Squads/feature teams should be able to bring different types of evidence/proofs (of the security level) to the Accreditation authority/responsible for the accreditation. The Evil User Stories (EUS) serve as what we used to call risks, where prioritization gives information about their criticality (see our article on how to lead a workshop on risk analysis in Agile). An extract from the backlog can be used as proof that the main EUS have been processed and that residual EUS are known (and accepted by the Accreditation Authority).

The Security Form (or Passport, detailed in this article on Agile transformationin French -) is also a relevant way to follow-up on security levels of projects.

Code review and vulnerability scan reports can also be used (for squads that have integrated DevSecOps and have the appropriate tools).

If the X-team exists (see our article on the new ISS roles in Agile and the corresponding organization) or if an external audit team was able to perform them, the penetration test reports are also presented.

Any other existing documents can be used to give all necessary information (architecture documents, applicable regulations, etc.).

For provisional accreditation, these documents don’t have to be gathered in a proper “accreditation folder”, which would imply losing time for squads. What is necessary is to ensure they exist and are available to anyone involved in the accreditation process (accreditation authority or their delegate, ISS team, etc.).

Who are the actors in this process?

During product development, the Security Champion (see this article for definition) is in charge of organizing the risk analysis workshops (identification of EUS and associated Security Stories). The ISS team is of course involved in the process, bringing their knowledge to the squads during workshops.

The Product Owner is responsible for the creation and updates of the necessary documentation. They also make sure the ISS team is informed and asked for help when needed.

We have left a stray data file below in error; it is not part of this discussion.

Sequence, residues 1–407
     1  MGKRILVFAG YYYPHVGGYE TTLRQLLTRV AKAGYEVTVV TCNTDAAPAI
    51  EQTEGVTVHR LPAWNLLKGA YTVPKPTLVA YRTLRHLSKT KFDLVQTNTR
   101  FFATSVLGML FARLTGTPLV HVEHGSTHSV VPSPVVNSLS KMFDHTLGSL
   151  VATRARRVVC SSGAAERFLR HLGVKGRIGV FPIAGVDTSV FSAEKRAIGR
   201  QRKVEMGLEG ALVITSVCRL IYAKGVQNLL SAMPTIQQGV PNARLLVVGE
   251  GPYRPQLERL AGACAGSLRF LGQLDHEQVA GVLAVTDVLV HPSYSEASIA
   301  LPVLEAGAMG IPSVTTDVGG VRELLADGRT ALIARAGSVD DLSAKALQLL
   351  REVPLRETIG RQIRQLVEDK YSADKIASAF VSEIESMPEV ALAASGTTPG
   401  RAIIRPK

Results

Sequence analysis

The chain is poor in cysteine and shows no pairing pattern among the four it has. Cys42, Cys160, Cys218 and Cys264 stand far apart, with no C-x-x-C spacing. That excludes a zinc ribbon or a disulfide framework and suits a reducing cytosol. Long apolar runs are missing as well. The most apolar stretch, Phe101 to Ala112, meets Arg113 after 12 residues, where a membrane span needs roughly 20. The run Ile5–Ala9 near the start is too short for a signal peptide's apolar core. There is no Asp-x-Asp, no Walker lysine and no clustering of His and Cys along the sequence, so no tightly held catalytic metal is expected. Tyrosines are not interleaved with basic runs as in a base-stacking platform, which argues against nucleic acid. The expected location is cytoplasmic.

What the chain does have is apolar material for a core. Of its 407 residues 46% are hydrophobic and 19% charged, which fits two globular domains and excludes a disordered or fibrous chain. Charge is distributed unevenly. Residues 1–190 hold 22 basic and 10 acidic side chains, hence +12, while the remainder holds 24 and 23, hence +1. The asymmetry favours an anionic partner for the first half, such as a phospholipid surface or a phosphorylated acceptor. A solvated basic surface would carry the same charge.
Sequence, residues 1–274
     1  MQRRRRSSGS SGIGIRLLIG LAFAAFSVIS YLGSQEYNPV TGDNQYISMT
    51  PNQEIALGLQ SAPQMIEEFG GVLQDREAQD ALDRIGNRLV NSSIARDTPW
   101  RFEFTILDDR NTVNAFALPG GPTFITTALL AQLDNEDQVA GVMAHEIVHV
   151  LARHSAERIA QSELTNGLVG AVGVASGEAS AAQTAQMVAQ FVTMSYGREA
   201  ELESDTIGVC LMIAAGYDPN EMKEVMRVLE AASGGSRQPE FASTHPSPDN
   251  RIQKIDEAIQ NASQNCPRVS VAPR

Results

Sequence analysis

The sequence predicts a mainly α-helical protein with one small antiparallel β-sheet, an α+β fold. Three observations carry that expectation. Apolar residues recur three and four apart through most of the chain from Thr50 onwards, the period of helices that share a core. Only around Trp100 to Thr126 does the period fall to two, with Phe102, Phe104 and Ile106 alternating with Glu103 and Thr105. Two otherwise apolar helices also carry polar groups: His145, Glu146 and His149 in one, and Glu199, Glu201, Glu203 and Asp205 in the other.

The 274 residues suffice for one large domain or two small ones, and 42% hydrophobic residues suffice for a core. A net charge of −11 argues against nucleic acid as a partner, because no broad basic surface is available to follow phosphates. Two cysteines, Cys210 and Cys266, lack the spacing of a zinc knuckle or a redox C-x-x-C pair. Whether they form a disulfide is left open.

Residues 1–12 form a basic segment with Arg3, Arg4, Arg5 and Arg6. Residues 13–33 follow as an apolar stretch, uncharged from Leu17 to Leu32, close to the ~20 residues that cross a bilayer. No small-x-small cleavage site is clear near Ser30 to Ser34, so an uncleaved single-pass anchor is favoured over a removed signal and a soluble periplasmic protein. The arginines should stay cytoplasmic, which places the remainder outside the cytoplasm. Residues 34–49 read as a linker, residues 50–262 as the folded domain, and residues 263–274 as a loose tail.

The accreditation Authority should be a business manager (e.g. the Business Owner) as usual. They must have the capacity to accept residual risks and validate the product security levels. As security should not slow down any Agile processes, the signing of a provisional accreditation may be delegated to the Product Owner, as they are representative of the Business Owner in the squad. The temporary accreditation can thus be signed faster if criteria for validity are met. In some cases, where projects would pose a risk to other businesses or systems, a transversal officer/business owner must be found, to sign for both businesses or systems. If no one is found, or no compromise is achieved, the Chief Information Officer (CIO) will assume responsibility, as it is their role to ensure the operational conditions of the Information System.

As a conclusion, security accreditation remains key when speaking about integration of security into projects, in particular within the Agile framework which changes the product teams’ way of working. The ISS teams must take advantage and (re)join these product teams (through the Security Champion and the security training of the product teams) and thus work together towards the incremental reduction of risk.

 

More articles to come on Agile Security, stay tuned!

 

[1] ANSSI guide (in French): Digital Agility and Security, October 2018 (link to the guide)

[2] (French regulations only) For administrations: decree n ° 2010-112 of February 2, 2010, terms of the General Safety Reference System (RGS). For any product dealing with information coming under National Defense secrecy: Interministerial General Instruction 1300. For operators of vital importance: cyber section of the LPM (law n ° 2013-1168 of 18 December 2013 – article 22), to strengthen the security of the critical information systems they operate, carried out as part of an accreditation process.

[3] ANSSI guide (in French): The nine steps of the security accreditation, August 2014 (link to the guide)